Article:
Gauging Sri Lanka's inroads in battle against Tigers

The Army seized another key town, Pallai, Thursday, and has squeezed the rebels from north and south.

Lakruwan Wanniarachchi/AFP/Getty Images/Newscom
Guard: Soldiers patrolled in Kilinochchi, seized Jan. 2, as the Army moved onto rebel territory elsewhere.
SOURCE: AP/Rich Clabaugh/STAFF

The Sri Lankan Army made significant inroads against the rebel Tamil Tigers in the past week – seizing their de facto capital and another key town, squeezing fighters from north and south – but these military victories are unlikely to mark the end of the island's quarter-century-old conflict.

Like many guerrilla groups, the Liberation Tigers of Tamil Eelam (LTTE) can resort to a military Plan B: retreat from towns but continue its battle from the jungle, making it difficult for the government to assert control over the long-embattled north.

"This [victory in Kilinochchi] is a huge military achievement with significant political ramifications," says Ashok Mehta, a retired general who led an unsuccessful Indian peacekeeping force against the Tigers in 1987. "But will it end the war? No."

Even if all Tiger-held territory is captured, it will only "end the conventional phase of the war," Mr. Mehta adds. From their hideout in the jungles, the Tigers may continue to wage "guerrilla attacks backed by suicide terrorist attacks."

Sri Lankan forces have boxed in the Tigers' territory since taking control of Pallai to the north on Thursday and Kilinochchi, the rebels' administrative capital, to the south last Friday. Between the two towns lies the strategic Elephant Pass, which connects Jaffna Peninsula in the north with the rest of the island.

The Army is also pushing toward Mullaithivu, a town southeast of Kilinochchi and the Tigers' final stronghold in the north of the island.

The fall of Mullaithivu "is only a matter of time," says Mehta, adding that Kilinochchi provides a strategic base from which the Sri Lankan Army can wage that offensive.

On Wednesday, the government formally banned the Tigers and vowed to crush them. The move is largely symbolic, since the Army ended its 2002 Norway-backed cease-fire with the Tigers a year ago and began a military offensive.

These gains come after two years of military victories over the Tigers, during which they were driven out from the east of the island, and lost a vast swath of their territory in the north.

The government has hailed last week's seizure of Kilinochchi as a decisive victory. "Whatever the words or language used to describe it, this is truly an incomparable victory," President Mahinda Rajapaksa said last week. "What our heroic troops have achieved is not only the capture of the great fortress of the LTTE, but a major victory in the world's battle against terrorism."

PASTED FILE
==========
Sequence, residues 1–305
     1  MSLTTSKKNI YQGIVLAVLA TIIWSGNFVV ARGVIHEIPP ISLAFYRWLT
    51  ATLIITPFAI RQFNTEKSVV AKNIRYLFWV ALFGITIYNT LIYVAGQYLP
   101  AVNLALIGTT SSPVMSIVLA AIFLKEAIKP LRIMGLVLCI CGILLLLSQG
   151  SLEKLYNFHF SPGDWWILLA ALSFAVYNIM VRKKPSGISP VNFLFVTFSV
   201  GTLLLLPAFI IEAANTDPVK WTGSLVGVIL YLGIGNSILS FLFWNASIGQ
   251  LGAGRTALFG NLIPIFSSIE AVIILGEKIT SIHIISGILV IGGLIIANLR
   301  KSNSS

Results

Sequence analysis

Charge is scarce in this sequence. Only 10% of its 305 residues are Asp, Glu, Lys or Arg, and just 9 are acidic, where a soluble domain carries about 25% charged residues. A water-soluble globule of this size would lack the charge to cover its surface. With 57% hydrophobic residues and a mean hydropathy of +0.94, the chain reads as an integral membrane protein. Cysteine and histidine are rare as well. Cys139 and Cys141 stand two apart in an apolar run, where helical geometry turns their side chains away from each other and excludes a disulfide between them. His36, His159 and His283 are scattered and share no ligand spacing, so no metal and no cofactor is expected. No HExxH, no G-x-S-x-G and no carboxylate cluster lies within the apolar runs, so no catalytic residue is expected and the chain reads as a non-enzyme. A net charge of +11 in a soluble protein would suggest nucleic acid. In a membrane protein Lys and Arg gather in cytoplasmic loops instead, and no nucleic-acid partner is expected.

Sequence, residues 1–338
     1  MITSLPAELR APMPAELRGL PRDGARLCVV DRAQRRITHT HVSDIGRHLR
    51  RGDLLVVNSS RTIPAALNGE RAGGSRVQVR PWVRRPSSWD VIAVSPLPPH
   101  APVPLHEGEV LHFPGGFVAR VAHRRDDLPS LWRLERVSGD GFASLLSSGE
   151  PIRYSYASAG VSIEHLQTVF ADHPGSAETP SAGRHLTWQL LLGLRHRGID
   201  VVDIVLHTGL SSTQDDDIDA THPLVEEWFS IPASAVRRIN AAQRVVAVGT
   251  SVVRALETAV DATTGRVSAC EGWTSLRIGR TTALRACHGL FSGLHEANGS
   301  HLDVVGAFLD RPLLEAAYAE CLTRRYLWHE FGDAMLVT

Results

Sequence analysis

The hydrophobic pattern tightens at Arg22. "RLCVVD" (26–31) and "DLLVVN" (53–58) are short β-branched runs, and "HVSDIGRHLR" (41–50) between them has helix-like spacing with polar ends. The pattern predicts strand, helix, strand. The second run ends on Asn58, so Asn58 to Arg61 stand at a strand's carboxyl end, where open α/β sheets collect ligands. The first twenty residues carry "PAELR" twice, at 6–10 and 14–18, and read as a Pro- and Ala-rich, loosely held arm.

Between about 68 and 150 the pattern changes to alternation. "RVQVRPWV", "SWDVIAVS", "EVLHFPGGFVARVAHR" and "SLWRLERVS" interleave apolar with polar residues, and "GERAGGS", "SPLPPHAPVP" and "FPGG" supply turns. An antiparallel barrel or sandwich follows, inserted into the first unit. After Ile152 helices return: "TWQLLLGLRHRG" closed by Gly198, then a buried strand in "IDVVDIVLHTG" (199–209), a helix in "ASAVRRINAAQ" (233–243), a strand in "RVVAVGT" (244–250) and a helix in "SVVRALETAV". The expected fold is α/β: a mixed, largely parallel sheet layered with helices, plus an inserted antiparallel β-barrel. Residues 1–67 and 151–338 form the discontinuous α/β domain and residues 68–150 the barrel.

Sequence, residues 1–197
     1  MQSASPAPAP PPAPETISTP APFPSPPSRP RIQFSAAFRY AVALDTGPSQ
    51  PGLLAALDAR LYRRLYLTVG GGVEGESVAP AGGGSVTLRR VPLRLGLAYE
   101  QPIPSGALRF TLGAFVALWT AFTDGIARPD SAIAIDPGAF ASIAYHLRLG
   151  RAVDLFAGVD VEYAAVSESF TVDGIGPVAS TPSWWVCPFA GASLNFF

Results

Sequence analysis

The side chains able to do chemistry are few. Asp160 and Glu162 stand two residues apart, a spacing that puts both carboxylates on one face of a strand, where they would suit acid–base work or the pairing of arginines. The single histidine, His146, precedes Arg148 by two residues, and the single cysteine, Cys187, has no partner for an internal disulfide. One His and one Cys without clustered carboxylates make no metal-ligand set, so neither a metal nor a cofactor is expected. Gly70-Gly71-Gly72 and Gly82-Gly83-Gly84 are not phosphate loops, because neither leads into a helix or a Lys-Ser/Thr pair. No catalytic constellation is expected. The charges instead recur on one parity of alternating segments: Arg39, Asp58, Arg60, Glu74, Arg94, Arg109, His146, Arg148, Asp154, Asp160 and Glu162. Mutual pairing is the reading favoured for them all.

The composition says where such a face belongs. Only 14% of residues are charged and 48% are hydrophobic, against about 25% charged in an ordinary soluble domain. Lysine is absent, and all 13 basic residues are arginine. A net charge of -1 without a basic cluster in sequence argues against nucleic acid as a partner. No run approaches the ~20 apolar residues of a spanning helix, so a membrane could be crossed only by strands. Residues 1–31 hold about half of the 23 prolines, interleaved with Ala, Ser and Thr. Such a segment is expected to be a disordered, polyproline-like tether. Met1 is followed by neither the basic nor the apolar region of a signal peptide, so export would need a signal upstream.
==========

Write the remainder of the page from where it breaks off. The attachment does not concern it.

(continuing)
Yet control of Kilinochchi has switched hands several times in the past few decades, a reminder of the challenges the government faces in retaining control of reclaimed areas. The Tamil Tigers first seized control of Kilinochchi in 1990, lost it in 1996 to the Army, then recaptured it two years later. Under their control the city became the rebels' de facto capital, with civil courts, police, and administrative offices.

In a defiant statement issued Thursday, LTTE political chief B. Nadesan noted that "Kilinochchi town was captured more than once by the Sri Lanka military earlier."

"Similarly, we have also recaptured the town on earlier occasions, effectively bringing the town under our control to serve the administrative and infrastructure needs," the statement read.

"Even after the fall of Kilinochchi," says Paikiasothy Saravanamuttu, the director of Center for Policy Alternatives (CPA), a think tank based in Colombo, "a low-level insurgency could last forever unless there is a negotiated settlement with the Tamils."

The Tigers have battled for more than a quarter century to establish an independent political state for ethnic Tamils, who make up about 18 percent of the population. In a CPA survey conducted in mid-2008, 83 percent of Tamils polled said the way to end the conflict and attain peace in Sri Lanka is to stop the war and hold political negotiations.

Among the country's ethnic Sinhalese, who make up about 74 percent of the population, 48 percent believe that the solution is for the government to wipe out the Tigers.

Fighting in recent months has forced some 250,000 civilians to flee their homes, according to the Law and Society Trust, a nongovernmental organization based in Colombo .

Wire material was used for this report.

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